>This is going to be a (hopefully coherent) hodge-podge of a post. Due to the lateness of the hour and all the random things I’ve run across at times when I haven’t been able to post.

Kitty Kelley’s newest bio-subject is:
Oprah.
That’s right, Oprah. I would love to read a good biography of Oprah, though I feel she has told so much of her own story, that it’d make more sense for her to do an autobiography (and that would probably sell more copies). It will be interesting how it comes out – if it comes out. Got that nugget from galleycat. Here’s the article.

Also from galleycat – a promotional idea
Cookies, books and authors. Sounds like a sweet deal, though having such an event at a feminist bookstore seems both subversive and stereotypical. I’ll have to think on that for awhile. But I do love baked goods, so I’d be willing to go for the concept. Perhaps Tayari Jones could do it with red velvet cake.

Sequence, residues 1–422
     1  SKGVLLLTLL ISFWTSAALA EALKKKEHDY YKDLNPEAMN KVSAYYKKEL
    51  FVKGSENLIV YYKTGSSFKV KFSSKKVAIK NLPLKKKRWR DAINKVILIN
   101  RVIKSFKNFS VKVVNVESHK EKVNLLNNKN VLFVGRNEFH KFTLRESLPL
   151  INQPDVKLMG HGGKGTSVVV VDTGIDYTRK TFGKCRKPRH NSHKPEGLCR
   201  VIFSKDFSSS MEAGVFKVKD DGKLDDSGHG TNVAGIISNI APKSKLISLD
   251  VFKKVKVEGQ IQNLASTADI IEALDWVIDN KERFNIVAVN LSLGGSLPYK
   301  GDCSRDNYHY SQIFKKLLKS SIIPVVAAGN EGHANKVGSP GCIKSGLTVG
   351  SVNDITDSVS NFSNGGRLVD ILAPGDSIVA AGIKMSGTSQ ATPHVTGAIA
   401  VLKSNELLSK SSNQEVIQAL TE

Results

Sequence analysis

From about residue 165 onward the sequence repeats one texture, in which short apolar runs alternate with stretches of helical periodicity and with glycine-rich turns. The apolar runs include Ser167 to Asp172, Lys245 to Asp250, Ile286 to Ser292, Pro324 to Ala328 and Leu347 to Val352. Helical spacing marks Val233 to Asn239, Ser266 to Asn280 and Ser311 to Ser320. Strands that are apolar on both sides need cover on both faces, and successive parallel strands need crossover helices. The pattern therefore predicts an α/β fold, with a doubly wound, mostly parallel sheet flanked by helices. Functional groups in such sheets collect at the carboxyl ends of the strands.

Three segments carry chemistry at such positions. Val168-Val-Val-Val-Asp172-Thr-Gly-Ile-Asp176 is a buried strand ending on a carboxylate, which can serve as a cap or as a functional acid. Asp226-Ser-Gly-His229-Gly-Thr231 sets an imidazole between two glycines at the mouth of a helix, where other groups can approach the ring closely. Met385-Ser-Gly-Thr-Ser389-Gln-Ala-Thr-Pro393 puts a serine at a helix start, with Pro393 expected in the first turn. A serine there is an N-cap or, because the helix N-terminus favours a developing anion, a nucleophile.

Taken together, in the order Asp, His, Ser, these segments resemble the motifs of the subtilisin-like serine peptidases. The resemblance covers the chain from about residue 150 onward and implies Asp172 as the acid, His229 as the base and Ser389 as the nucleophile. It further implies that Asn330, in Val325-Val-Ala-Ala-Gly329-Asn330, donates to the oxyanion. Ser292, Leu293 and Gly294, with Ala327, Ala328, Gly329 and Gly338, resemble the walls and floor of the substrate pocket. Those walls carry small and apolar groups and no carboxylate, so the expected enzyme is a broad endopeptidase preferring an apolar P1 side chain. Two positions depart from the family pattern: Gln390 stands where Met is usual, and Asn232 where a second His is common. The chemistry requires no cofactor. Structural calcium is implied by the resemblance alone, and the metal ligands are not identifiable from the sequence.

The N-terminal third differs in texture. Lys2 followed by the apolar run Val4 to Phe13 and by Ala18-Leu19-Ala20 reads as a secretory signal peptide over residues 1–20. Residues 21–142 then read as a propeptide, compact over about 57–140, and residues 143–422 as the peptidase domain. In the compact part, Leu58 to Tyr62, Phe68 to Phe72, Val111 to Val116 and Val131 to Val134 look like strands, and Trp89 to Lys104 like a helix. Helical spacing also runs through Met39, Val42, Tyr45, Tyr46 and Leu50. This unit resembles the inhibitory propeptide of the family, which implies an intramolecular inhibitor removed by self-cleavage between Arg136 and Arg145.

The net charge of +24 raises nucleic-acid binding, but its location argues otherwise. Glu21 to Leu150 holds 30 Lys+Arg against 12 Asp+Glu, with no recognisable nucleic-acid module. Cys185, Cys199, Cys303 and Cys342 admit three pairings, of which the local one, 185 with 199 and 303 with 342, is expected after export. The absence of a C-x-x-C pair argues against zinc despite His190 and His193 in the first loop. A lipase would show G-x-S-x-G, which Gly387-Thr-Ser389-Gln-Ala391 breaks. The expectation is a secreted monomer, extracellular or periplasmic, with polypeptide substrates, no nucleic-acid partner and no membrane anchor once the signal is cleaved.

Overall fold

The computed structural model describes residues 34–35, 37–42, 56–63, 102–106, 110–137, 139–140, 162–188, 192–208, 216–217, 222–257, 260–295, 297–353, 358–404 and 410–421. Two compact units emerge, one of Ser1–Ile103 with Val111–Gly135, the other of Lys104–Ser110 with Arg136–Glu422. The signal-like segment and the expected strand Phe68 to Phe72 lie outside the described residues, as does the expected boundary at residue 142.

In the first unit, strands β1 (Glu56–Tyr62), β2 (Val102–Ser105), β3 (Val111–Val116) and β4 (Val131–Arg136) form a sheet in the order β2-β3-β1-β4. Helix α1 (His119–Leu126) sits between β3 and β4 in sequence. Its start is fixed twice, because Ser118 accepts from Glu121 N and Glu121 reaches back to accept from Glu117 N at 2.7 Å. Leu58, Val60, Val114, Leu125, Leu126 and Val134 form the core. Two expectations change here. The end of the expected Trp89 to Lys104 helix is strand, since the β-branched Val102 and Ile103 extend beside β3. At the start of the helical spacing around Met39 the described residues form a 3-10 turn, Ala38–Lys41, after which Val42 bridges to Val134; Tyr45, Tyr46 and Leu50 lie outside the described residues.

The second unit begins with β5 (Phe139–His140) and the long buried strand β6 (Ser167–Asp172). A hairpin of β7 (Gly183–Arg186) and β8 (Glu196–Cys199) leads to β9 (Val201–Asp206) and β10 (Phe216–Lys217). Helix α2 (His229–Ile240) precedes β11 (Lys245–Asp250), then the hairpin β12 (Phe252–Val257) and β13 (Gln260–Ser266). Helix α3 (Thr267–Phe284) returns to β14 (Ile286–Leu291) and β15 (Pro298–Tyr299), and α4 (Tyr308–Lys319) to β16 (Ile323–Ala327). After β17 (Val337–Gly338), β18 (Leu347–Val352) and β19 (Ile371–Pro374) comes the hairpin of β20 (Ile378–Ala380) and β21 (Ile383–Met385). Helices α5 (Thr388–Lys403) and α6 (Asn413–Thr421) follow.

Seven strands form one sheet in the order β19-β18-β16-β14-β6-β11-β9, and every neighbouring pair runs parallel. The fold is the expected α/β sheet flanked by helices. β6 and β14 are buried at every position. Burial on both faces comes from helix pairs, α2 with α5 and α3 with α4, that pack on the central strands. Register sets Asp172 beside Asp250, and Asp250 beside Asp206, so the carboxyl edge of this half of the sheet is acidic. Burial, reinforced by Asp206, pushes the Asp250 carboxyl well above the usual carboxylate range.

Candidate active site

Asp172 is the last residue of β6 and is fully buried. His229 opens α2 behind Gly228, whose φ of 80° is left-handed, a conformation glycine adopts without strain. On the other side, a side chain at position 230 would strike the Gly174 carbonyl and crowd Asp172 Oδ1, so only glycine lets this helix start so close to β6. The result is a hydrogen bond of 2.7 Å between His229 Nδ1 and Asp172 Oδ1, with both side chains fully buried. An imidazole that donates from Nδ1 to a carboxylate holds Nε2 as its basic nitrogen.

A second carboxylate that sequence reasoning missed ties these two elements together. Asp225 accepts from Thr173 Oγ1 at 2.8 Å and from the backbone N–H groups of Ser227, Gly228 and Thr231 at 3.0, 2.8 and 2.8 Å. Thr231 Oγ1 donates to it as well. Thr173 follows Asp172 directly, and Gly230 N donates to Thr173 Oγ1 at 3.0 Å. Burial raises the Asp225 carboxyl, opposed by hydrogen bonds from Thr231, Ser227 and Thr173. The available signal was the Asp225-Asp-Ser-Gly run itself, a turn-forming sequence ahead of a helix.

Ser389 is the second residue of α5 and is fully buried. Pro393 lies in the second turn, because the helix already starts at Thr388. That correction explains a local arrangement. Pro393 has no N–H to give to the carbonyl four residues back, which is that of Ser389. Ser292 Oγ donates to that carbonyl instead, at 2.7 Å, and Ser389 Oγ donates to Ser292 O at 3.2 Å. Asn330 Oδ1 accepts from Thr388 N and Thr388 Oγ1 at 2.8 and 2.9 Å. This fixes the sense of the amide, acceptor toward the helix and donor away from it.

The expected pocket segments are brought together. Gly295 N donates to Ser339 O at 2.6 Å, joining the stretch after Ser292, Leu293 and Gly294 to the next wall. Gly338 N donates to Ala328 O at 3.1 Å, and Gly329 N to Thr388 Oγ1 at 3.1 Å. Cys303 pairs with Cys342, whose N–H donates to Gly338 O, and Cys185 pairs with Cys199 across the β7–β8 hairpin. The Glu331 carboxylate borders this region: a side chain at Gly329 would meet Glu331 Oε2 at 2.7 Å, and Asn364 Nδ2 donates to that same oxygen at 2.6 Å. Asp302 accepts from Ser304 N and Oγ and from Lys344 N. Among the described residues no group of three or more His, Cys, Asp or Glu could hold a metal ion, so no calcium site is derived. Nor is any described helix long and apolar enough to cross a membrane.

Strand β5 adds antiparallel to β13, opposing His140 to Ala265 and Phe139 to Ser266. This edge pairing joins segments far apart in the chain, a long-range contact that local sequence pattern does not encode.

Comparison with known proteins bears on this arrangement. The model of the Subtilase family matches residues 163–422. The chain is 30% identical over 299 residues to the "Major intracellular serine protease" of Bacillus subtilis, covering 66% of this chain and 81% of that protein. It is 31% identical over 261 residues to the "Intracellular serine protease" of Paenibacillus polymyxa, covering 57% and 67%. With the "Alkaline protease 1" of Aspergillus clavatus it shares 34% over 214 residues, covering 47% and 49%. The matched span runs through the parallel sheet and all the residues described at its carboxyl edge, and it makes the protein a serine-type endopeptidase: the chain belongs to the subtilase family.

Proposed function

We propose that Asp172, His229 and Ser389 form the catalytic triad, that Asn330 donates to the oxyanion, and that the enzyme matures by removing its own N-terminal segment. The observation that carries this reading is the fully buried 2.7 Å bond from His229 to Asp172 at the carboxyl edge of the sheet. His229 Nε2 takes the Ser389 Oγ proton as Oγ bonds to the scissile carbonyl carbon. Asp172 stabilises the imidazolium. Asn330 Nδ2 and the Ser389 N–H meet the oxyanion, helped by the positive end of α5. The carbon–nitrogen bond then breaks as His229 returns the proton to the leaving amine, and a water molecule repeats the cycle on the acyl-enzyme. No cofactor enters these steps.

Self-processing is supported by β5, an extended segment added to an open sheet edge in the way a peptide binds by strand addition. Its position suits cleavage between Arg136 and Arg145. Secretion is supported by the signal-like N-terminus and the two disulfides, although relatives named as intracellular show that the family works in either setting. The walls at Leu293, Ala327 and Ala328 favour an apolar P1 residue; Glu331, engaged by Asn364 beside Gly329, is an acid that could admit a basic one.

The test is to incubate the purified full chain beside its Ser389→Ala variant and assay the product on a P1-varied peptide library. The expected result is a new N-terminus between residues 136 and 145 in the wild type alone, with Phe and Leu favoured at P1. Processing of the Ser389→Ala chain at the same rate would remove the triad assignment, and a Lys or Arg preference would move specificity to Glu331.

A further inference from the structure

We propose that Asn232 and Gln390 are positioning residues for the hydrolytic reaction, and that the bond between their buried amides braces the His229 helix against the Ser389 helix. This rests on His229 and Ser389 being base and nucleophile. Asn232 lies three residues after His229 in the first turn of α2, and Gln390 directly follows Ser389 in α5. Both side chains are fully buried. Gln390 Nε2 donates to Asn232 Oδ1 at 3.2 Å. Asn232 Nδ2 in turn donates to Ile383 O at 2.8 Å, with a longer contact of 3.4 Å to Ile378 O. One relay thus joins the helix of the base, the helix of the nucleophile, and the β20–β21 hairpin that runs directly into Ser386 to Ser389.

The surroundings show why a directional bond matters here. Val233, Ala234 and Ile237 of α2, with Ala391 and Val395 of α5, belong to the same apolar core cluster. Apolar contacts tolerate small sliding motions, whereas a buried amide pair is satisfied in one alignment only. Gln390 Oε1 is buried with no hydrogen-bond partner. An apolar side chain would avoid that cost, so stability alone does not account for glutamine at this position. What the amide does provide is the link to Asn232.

Books in stores – and a contest
Take a picture of Marilynn Griffith‘s latest book, If the Shoe Fits, on your local bookstore’s shelves and you may win a copy. Or you could just buy it after you take the pic, right?
BTW, there’s a cookie recipe on MG’s site. So she could certainly do the cookie/signing idea.

Are you an Edward P. Jones scholar?
Then this is for you:
Deadline extended for a proposed panel on Edward P. Jones at the eighteenth annual conference ofthe American Literature Association to be held in Boston, May 24-27, 2007.Papers that focus on his short fiction are particularly encouraged, though papers on his novel, TheKnown World, will be considered. All approaches are welcome.Please email 200 word abstracts and a CV no later than January 10, 2007 to Gregory Miller,University of California at Davis (glmiller@ucdavis.edu)
Pulled from kalamu’s cyberdrummers listserv for and about writers of African descent. Email kalamu@aol.com to be added.

Review surfing
WashPost review of There Goes the Neighborhood: Racial, Ethnic, and Class Tensions in Four Chicago Neighborhoods and Their Meaning for America By William Julius Wilson and Richard P. Taub

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